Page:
Chapter 2 (cont’d)
15-17: a) Do not love (the things in) the world, b) (the things in) the world are: desires of the flesh, desires of the eyes, and pride in possessions, c) if you love these desires, then the love of the Father is not in you.
Once again, John hits hard with a black and white statement about the nature of spiritual life – you either have life or you don’t – and then he gives some diagnostics to check against your life (see also note on 2:7-11).
These verses (and Luke 17:1-4) show that sinful and tempting desires will come to the life of the believer but when they come, there is an important question to ask: do I love these desires or hate them? If you love these desires (which come from man’s wicked heart; James 1:13-15), then the love of the Father is not in you.
Is it possible that you are saved but God is allowing you to struggle, as your heart continues to harden to the convicting work of the Spirit, so that eventually your sin becomes so overwhelmingly obvious that you turn to him? Absolutely.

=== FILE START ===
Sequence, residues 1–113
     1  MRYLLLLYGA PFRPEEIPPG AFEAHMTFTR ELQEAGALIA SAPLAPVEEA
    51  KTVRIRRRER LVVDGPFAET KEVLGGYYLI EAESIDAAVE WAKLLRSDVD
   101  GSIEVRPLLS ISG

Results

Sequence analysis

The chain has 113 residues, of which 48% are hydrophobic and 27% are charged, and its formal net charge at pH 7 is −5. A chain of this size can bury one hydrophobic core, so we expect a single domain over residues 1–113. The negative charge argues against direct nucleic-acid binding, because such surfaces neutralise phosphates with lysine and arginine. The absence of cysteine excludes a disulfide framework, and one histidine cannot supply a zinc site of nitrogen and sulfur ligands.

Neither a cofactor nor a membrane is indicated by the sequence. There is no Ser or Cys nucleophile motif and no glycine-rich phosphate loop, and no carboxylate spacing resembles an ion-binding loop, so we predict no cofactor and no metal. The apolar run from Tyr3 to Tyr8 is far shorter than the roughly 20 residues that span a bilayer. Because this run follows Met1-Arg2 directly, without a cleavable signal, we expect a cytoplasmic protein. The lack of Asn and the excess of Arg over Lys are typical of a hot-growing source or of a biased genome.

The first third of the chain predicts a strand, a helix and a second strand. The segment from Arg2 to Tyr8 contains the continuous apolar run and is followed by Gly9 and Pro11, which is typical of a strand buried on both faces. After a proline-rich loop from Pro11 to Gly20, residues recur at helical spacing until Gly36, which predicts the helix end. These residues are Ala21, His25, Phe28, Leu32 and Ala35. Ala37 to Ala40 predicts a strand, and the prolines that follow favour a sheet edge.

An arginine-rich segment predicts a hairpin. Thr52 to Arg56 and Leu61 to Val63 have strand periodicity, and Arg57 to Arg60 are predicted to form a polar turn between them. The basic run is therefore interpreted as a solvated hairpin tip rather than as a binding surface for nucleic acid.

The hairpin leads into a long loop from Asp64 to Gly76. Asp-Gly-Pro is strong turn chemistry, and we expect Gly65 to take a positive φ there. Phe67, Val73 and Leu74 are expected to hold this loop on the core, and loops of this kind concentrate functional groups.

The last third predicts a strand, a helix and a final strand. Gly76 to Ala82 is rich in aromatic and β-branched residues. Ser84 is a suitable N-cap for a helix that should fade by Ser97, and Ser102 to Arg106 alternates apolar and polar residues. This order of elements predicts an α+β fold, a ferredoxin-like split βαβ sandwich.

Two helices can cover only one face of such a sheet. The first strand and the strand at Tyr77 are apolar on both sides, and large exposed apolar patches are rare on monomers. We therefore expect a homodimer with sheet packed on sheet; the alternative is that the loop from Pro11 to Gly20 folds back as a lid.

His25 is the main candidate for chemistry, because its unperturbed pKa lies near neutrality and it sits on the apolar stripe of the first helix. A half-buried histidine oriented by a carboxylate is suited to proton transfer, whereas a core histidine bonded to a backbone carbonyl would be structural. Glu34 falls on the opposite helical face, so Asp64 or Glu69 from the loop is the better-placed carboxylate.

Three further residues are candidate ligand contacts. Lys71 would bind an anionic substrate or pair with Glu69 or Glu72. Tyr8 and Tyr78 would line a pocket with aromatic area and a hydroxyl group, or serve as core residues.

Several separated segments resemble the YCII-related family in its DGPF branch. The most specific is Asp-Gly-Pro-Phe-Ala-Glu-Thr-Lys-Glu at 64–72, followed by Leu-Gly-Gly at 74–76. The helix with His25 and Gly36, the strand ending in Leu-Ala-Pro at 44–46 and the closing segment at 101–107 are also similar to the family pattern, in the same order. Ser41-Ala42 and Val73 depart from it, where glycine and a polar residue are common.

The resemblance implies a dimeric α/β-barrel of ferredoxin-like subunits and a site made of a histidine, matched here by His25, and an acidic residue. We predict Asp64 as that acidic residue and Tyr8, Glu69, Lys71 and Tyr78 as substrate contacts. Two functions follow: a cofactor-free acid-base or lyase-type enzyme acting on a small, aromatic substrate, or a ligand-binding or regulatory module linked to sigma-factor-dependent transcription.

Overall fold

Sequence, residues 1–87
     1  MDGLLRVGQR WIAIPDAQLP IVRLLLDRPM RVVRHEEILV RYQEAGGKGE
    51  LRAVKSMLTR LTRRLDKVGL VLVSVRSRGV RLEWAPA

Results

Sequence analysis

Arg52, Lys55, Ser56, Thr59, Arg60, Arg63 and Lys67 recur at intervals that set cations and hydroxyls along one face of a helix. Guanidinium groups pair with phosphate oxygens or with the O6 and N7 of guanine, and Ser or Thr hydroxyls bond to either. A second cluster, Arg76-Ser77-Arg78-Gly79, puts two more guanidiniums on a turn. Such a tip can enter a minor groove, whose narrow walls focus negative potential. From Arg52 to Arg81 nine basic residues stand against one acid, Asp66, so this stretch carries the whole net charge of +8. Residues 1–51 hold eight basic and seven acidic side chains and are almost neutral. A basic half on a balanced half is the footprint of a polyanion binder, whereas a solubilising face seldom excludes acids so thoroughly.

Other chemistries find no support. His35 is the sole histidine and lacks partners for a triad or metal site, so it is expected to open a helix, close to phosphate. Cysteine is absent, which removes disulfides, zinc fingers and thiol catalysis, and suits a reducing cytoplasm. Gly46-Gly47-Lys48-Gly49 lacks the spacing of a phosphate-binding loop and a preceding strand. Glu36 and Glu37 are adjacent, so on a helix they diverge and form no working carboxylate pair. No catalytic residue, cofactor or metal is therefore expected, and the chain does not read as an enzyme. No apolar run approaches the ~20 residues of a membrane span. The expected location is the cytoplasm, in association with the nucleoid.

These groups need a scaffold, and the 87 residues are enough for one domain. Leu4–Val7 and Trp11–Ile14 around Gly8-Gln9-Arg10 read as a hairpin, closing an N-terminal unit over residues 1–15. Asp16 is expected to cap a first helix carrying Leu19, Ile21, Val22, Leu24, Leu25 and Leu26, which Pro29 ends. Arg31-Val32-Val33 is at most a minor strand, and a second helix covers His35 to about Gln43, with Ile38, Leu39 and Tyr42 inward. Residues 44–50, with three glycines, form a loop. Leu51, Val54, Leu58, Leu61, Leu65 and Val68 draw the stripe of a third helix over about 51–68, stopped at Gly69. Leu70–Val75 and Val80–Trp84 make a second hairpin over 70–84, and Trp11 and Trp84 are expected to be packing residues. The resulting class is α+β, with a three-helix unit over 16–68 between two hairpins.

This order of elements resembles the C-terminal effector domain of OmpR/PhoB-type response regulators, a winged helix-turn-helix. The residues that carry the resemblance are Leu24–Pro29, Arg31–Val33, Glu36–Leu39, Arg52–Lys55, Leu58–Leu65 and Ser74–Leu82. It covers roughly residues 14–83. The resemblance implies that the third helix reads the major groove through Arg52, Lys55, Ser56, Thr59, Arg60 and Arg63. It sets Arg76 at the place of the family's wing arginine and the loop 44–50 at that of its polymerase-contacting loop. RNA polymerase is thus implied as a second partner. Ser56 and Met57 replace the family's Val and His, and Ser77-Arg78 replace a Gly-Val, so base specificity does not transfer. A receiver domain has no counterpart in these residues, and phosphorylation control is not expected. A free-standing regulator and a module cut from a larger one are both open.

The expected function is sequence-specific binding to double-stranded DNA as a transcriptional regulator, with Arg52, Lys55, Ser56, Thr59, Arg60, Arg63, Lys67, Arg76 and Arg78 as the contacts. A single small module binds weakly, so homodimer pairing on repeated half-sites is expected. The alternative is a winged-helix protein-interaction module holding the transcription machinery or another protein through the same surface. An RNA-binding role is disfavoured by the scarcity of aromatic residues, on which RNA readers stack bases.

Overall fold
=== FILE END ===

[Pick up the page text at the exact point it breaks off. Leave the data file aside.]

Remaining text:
However, this verse says that if you are sinning and you love it, it is more likely that God has nothing to do with you.
In either scenario – whether you love sin or are a numb believer – man’s response ought to be the same: repent and turn in faith. As I have struggled with assurance over the years, this is the inescapable conclusion I always find in Scripture. Whether a believer or not, when confronted by the gospel, man must testify that he is a sinner in the midst a holy God.
The second part to this is faith. To stop at repentance would lead to depression, but the gospel is good news! The good news is that, through faith in the work of Christ, we can be saved from sin and be given right standing with God. Jesus took our unrighteousness and gave us his righteousness. When God sees us, though still sinful, he sees the perfect life of Christ. There is no better news than this!